given the opportunity to attend the Bristol City Study Support Centre, where they were taught literacy, numeracy and IT skills through the medium of football. The results show reduced truancy rates for the young people taking part in the project. 90% of the 120 young people who have remained on the programme have not re-offended.

For more information contact Det Sgt Nick Papuca, Avon and Somerset Constabulary, Broadbury Road Police Station, Broadbury Road, Knowle West, Bristol BS4 1JT Tel: 0117 945 5603

team that had the language skills to be able to communicate with the young people in their first language. Workshops were also run in secondary schools and police identified ‘hot spots’, which specifically targeted young people who had either offended or displayed behaviour likely to compromise the safety of others. In its first year, the project saw a decrease in area crime, falling from 170 reported incidents in 2000 to 70 in 2002.

For more information contact Sue Grieg, Hastings Borough Council, Hastings & Bexhill Area Youth Service, 31 Cambridge Road, Hastings TN34 1DJ Tel: 01424 439284

Its success is attributed to the youth-led approach on programme development, which includes the development of peer mentors. Approximately 10% of the borough’s young people go through the university’s programme and the results show: • 8% reduction in youth crime. • 17% reduction in juvenile nuisance. • 25% reduction in drug offences.

For more information contact Sarah Hodgkin, Tower Hamlets Summer University, Canon Barnett School, Gunthorpe Street, London E1 7RQ Tel: 020 7247 7900

successfully worked with over 300 individuals from the age group predominately responsible for crime (males aged between 18 - 30 and females between 23 -30), in one of Essex’s highest crime areas. In 2001, the Clockwise Centre received the Investors in People (IiP) Award and the High Sheriff ’s award for best volunteering organisation in 2003.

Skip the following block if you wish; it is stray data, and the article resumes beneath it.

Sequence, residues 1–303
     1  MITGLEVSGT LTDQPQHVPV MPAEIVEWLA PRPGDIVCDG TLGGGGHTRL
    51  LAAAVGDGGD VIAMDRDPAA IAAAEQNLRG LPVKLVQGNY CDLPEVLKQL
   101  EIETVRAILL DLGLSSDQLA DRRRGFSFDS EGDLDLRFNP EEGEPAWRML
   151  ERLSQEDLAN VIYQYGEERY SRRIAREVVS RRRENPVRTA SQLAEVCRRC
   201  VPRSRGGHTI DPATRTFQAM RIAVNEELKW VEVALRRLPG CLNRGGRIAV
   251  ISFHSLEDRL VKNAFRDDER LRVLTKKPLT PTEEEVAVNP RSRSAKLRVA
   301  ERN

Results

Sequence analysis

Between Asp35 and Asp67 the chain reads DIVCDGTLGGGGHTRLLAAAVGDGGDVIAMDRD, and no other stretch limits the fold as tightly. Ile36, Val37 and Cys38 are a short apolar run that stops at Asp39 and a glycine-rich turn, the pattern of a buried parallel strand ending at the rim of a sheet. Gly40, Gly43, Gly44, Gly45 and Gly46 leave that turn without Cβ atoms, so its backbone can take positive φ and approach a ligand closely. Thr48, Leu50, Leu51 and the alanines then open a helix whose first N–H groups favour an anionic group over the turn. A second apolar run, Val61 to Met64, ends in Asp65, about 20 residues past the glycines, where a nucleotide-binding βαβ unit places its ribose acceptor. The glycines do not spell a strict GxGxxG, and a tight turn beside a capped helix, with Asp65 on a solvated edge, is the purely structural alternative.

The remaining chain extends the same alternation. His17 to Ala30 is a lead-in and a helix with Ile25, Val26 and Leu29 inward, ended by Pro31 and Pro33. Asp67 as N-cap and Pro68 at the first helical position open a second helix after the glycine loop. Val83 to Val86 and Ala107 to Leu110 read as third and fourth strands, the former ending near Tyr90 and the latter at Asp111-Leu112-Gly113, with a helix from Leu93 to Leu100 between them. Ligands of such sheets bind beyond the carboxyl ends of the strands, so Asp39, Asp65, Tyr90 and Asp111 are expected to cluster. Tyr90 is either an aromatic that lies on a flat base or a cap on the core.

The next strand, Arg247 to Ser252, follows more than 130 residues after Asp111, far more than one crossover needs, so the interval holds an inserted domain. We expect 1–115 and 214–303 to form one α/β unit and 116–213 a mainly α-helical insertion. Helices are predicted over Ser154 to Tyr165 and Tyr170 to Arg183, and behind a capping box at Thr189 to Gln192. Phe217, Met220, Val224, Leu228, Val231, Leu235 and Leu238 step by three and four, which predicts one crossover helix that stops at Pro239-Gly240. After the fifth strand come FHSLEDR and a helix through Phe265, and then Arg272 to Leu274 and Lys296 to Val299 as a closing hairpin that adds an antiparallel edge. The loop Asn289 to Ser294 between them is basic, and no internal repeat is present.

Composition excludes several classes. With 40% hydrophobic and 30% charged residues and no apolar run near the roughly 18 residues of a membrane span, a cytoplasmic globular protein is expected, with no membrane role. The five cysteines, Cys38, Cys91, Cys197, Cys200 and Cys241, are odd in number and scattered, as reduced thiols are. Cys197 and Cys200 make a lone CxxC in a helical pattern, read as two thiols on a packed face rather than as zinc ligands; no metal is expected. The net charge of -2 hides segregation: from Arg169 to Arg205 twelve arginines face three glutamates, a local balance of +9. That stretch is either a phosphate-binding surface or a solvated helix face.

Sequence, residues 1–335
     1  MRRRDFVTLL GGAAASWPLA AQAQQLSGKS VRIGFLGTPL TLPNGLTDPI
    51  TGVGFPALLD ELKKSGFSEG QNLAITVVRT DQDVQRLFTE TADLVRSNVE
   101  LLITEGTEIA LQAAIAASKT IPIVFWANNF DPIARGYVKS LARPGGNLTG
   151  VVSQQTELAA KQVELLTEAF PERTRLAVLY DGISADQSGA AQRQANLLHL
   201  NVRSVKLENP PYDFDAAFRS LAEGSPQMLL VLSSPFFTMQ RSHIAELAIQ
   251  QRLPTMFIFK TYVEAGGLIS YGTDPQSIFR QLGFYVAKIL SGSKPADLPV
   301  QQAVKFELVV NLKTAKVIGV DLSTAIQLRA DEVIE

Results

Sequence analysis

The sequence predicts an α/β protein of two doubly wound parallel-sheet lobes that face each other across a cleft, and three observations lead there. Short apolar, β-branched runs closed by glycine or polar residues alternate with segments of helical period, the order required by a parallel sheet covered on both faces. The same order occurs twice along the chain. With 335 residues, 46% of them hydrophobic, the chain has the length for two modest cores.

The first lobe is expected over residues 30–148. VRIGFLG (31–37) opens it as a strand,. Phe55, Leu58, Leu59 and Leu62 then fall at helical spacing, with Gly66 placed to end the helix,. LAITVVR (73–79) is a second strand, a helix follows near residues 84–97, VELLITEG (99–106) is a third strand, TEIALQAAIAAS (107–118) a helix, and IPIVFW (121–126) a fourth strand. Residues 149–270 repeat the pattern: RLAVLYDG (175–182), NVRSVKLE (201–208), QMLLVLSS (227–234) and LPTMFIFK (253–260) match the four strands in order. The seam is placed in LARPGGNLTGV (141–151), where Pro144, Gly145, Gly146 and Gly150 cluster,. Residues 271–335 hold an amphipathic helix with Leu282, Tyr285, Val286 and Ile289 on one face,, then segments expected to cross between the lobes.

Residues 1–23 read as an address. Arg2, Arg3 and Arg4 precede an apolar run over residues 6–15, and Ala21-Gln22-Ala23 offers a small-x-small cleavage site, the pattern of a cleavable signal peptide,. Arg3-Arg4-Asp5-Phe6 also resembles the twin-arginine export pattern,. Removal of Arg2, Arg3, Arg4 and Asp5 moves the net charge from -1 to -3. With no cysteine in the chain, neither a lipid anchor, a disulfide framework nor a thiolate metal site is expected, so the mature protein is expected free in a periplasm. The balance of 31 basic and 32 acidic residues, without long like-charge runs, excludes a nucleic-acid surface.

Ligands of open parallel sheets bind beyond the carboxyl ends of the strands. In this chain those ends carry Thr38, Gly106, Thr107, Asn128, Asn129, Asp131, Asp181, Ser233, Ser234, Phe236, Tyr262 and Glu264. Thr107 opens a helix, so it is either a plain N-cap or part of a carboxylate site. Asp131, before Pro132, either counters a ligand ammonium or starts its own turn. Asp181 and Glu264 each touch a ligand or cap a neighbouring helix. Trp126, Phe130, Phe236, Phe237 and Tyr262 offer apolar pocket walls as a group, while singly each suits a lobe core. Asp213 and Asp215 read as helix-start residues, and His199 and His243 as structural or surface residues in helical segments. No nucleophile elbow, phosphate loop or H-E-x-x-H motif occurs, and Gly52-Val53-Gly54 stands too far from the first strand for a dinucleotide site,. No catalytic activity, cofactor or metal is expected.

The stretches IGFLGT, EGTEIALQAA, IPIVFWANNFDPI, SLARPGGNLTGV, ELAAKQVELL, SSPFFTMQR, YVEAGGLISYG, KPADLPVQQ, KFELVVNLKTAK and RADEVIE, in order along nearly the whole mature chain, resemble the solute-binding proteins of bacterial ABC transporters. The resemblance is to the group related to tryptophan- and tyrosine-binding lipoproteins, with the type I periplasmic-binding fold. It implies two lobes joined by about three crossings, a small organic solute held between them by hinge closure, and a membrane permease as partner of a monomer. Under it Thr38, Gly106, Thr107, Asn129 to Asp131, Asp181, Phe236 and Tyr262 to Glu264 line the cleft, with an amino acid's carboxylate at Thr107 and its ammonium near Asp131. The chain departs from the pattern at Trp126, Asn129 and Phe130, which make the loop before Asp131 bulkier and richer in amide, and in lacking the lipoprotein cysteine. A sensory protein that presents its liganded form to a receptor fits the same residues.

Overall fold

For more information contact Sarah Tomlinson, Project Co-ordinator, The Clockwise Centre, 85 - 87, Pier Avenue, Clacton-on-Sea, Essex CO15 1QE Tel: 01255 423466 For more information about the awards visit the website

www.crimeconcern.org.uk /awards



Crime reduction and Problem-oriented Policing
Edited by Karen Bullock and Nick Tilley

This book, published by Willan Publishing, looks at one of the most significant new approaches to policing and crime reduction in recent years. The publication is based on the principle that the core of policing should be to deal effectively with underlying policerelevant problems, rather than reacting to incidents as they occur. In the UK, funding was provided for various projects adopting a problem-solving approach in both policing and crime prevention and reduction partnerships. The book draws upon the main findings of this initiative and provides an overview of the Government’s Targeted Policing Initiative as a whole. It describes the effects of adopting a problem-solving approach and sets out what was learned from efforts to address the specific problems targeted in the initiatives that were evaluated. This book may be of particular interest to students, researchers, policy-makers and practitioners, or anyone with an interest in crime reduction strategies.
Copies of this book, published in September 2003 and priced £25.00 (hardback) can be obtained from Willan Publishing, Culmcott House, Mill Street, Cullompton, Devon EX15 3AT Tel: 01884 840337 Fax: 01884 840251 E-mail: info@willanpublishing.co.uk or visit their website: www.willanpublishing.co.uk

Policing Priority Areas - Update
Home Office

For more information visit the Police Reform Website: www.policereform. gov.uk28/psu/ policingpriorityareas.html

Since the introduction of the first 5 Police Standards Unit’s (PSUs) Policing Priority Areas (PPAs) in March last year (see article in April 2002 Digest), the scheme has been extended to cover another 9 areas, bringing the national total to 14. PPAs are focused initiatives, established in areas with high levels of crime and antisocial behaviour, together with a lack of confidence in the community. They aim to reduce crime and promote community cohesion and evaluation of the first 5 PPAs